The Writer's Badge of Courage
I browse a lot of writers' forums and one of the themes that I see constantly expressed is heartache over rejection, or fear of even submitting because of the risk it entails. Well, fear of rejection is certainly something I feel qualified to talk about, so I usually speak up. What I often say goes something like this:
I've spent most of my life suffering from a major lack of self-confidence and I still battle it every day. There have been times when it paralyzed me, times when I doubted everything I put down. However, I've found a good way of turning that fear around.
Believe it or not, I got an agent with my first manuscript. The third agent I wrote to responded and took me on. The manuscript was complete. She was enthusiastic. She shopped the manuscript around, but could not sell it. One day I went to my mailbox and found what are euphemistically referred to as "rave rejections." The "I love it but we've just purchased something with a similar a) lead character, b) storyline or c) setting," kind of letter, and always with the same sign off, "Would love to read her next manuscript." To come so close and still miss was frustrating.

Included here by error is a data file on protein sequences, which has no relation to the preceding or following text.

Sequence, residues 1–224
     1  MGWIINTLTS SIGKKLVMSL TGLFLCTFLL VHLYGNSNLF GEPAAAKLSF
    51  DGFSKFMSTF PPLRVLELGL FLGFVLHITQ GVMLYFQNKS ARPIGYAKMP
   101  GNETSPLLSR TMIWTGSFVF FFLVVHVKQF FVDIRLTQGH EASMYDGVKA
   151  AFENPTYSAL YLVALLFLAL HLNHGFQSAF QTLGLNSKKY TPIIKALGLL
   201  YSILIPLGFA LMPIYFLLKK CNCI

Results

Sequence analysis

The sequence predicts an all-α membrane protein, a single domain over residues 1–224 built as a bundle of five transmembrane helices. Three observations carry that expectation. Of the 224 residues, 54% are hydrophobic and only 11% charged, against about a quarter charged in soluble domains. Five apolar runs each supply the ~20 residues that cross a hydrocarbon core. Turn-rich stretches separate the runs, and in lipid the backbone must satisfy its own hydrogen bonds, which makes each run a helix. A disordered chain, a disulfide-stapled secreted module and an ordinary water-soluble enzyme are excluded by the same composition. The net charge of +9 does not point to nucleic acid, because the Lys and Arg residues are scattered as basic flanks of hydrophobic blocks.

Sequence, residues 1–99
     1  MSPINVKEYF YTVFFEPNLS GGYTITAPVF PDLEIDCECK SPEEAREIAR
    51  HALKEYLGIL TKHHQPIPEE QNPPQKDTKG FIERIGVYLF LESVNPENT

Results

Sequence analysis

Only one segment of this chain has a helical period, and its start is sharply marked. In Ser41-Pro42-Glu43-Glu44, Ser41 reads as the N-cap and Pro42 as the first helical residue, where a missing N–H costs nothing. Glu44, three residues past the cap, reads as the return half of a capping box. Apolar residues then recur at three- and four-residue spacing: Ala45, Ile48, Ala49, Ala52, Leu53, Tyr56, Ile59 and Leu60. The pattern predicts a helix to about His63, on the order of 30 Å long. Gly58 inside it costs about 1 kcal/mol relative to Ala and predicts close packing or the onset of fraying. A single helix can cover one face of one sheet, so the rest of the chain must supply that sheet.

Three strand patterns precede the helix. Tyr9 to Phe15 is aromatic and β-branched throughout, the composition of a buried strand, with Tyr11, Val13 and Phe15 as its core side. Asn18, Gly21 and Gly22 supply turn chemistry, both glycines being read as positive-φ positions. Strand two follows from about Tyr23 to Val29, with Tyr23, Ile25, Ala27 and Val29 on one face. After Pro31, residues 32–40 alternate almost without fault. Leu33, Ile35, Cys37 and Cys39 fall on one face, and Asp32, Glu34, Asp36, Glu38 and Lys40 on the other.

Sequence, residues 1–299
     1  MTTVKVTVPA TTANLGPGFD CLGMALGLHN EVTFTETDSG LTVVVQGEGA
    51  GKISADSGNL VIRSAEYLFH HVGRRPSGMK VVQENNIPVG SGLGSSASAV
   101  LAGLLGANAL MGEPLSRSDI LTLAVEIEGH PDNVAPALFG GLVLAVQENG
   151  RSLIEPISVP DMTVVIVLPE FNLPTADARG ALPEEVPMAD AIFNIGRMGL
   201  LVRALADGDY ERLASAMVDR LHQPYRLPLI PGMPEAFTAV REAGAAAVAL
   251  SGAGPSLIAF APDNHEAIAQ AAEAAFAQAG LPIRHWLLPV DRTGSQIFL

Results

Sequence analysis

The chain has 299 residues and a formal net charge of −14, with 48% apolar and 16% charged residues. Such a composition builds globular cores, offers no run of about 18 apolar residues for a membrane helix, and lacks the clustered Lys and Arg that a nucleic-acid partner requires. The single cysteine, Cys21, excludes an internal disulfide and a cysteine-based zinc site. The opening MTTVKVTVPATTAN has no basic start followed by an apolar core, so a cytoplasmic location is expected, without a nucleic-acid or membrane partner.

So, I drove a nail into the wall and hung that stack of rejections on it. And then I sat down and wrote another book, HARLEM REDUX.
My agent, Julie Castiglia, shopped HARLEM REDUX around -- and guess what -- it didn't even get rave rejections. It got, at most, a lukewarm, "Yeah, nice idea, but ...." Julie couldn't even accumulate a stack of rejections to send me -- she could barely get editors to look at it. Well, I went and hung a mental set of rejections on the nail. Then I went the POD route. After the book came out POD, I did another rewrite and resubmitted it to Julie. This time, the book struck a home run. Both Random House and Simon & Schuster wanted it. Nice, nice.
My solution, ladies and gentlemen: Send out your manuscripts and drive a nail into the wall. If and when the rejection letters come, then hang them up and look at them with pride. One "mega-selling" writer says he collected some 400 rejection slips at the beginning of his career. Other "mega" authors say the same thing. In fact, it's a badge of honor -- to be able to talk about who rejected you on your way to the top. If you can't talk about how much you overcame to get where you are, people are not interested.
Take care. Keep the good vibes going. And never, but never give up.